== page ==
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Systematic training in focused cardiopulmonary ultrasound affects decision-making in the prehospital setting - two case reports.

Jakobsen LK, Bøtker MT, Lawrence LP, Sloth E, Knudsen L - Scand J Trauma Resusc Emerg Med (2014)

Bottom Line: We present two cases from the Helicopter Emergency Medical Services (HEMS) in Denmark, in which prehospital physicians trained in cardiac ultrasound (FATE) disclosed significant pathology that induced a radical change for the critical patient's course.

View Article: PubMed Central - HTML - PubMed

Affiliation: Research Center for Emergency Medicine, Aarhus University Hospital, Aarhus, Denmark. lars.knudsen@dadlnet.dk.

ABSTRACT
We present two cases from the Helicopter Emergency Medical Services (HEMS) in Denmark, in which prehospital physicians trained in cardiac ultrasound (FATE) disclosed significant pathology that induced a radical change for the critical patient's course.

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Related in: MedlinePlus

Reversed apical 4-chamber view – pericardial effusion. Pathological reversed apical 4-chamber view (the transducer is rotated 180 degrees compared to the classical apical 4-chamber view) from patient with aortic dissection and pericardial effusion. E = Effusion (blood), C = Clot, LV = Left Ventricle.
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Figure 3: Reversed apical 4-chamber view – pericardial effusion. Pathological reversed apical 4-chamber view (the transducer is rotated 180 degrees compared to the classical apical 4-chamber view) from patient with aortic dissection and pericardial effusion. E = Effusion (blood), C = Clot, LV = Left Ventricle.

Mentions: Because of the diverging symptoms, a FATE examination was done. Somewhat surprisingly, this disclosed a large pericardial effusion (Figure 3). Based on this finding, aortic dissection was suspected. Because of an obvious need to reduce time to definite treatment, no further efforts were done to visualize the thoracic aorta. Again, based on the ultrasound findings, a radical change in the course for the patient followed. Instead of referral for thrombolysis at a nearby hospital, the patient was admitted to an invasive heart center 130 km away. Echocardiography and computed tomography of the thorax confirmed a dilated aorta that had perforated into the pericardium and dissected up into the right carotid artery. During the 25 minutes transportation time with HEMS, the receiving hospital was able to prepare an operating theater. After supplemental imaging, emergency surgery with replacement of the disrupted part of aorta was performed. The patient was discharged with minimal cognitive dysfunction due to perioperative cerebral ischemia, but with no physical sequelae.


Systematic training in focused cardiopulmonary ultrasound affects decision-making in the prehospital setting - two case reports.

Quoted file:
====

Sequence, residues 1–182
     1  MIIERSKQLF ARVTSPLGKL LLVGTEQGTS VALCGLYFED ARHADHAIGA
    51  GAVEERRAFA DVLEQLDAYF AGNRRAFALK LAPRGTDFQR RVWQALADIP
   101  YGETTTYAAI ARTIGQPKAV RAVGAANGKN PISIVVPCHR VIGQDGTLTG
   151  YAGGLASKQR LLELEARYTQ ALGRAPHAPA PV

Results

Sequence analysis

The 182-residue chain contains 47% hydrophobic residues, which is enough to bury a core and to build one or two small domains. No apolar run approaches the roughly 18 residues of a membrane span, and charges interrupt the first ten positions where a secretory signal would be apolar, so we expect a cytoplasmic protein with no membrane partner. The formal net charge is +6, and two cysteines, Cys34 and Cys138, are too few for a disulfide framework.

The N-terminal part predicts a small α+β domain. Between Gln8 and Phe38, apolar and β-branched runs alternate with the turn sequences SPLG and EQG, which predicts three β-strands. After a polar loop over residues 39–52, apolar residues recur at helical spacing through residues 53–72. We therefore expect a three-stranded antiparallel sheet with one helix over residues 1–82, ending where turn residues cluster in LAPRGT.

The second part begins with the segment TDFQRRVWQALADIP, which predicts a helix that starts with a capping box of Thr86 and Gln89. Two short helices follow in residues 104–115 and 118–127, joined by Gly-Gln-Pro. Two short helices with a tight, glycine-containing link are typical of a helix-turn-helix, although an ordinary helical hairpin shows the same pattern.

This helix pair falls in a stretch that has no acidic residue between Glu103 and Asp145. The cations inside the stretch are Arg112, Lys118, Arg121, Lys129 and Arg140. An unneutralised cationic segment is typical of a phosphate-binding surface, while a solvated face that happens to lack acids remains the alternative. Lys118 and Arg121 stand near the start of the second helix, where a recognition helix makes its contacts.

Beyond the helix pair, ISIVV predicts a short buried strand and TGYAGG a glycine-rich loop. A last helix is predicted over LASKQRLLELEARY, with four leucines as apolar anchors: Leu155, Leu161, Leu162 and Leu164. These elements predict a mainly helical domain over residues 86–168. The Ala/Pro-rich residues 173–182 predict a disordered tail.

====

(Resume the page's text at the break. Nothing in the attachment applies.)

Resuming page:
Jakobsen LK, Bøtker MT, Lawrence LP, Sloth E, Knudsen L - Scand J Trauma Resusc Emerg Med (2014)

Reversed apical 4-chamber view – pericardial effusion. Pathological reversed apical 4-chamber view (the transducer is rotated 180 degrees compared to the classical apical 4-chamber view) from patient with aortic dissection and pericardial effusion. E = Effusion (blood), C = Clot, LV = Left Ventricle.
© Copyright Policy - open-access
Related In: Results  -  Collection

License 1 - License 2
Show All Figures
getmorefigures.php?uid=PMC4016794&req=5

Figure 3: Reversed apical 4-chamber view – pericardial effusion. Pathological reversed apical 4-chamber view (the transducer is rotated 180 degrees compared to the classical apical 4-chamber view) from patient with aortic dissection and pericardial effusion. E = Effusion (blood), C = Clot, LV = Left Ventricle.
Mentions: Because of the diverging symptoms, a FATE examination was done. Somewhat surprisingly, this disclosed a large pericardial effusion (Figure 3). Based on this finding, aortic dissection was suspected. Because of an obvious need to reduce time to definite treatment, no further efforts were done to visualize the thoracic aorta. Again, based on the ultrasound findings, a radical change in the course for the patient followed. Instead of referral for thrombolysis at a nearby hospital, the patient was admitted to an invasive heart center 130 km away. Echocardiography and computed tomography of the thorax confirmed a dilated aorta that had perforated into the pericardium and dissected up into the right carotid artery. During the 25 minutes transportation time with HEMS, the receiving hospital was able to prepare an operating theater. After supplemental imaging, emergency surgery with replacement of the disrupted part of aorta was performed. The patient was discharged with minimal cognitive dysfunction due to perioperative cerebral ischemia, but with no physical sequelae.

Bottom Line: We present two cases from the Helicopter Emergency Medical Services (HEMS) in Denmark, in which prehospital physicians trained in cardiac ultrasound (FATE) disclosed significant pathology that induced a radical change for the critical patient's course.

View Article: PubMed Central - HTML - PubMed

Affiliation: Research Center for Emergency Medicine, Aarhus University Hospital, Aarhus, Denmark. lars.knudsen@dadlnet.dk.

ABSTRACT
We present two cases from the Helicopter Emergency Medical Services (HEMS) in Denmark, in which prehospital physicians trained in cardiac ultrasound (FATE) disclosed significant pathology that induced a radical change for the critical patient's course.

Show MeSH
Related in: MedlinePlus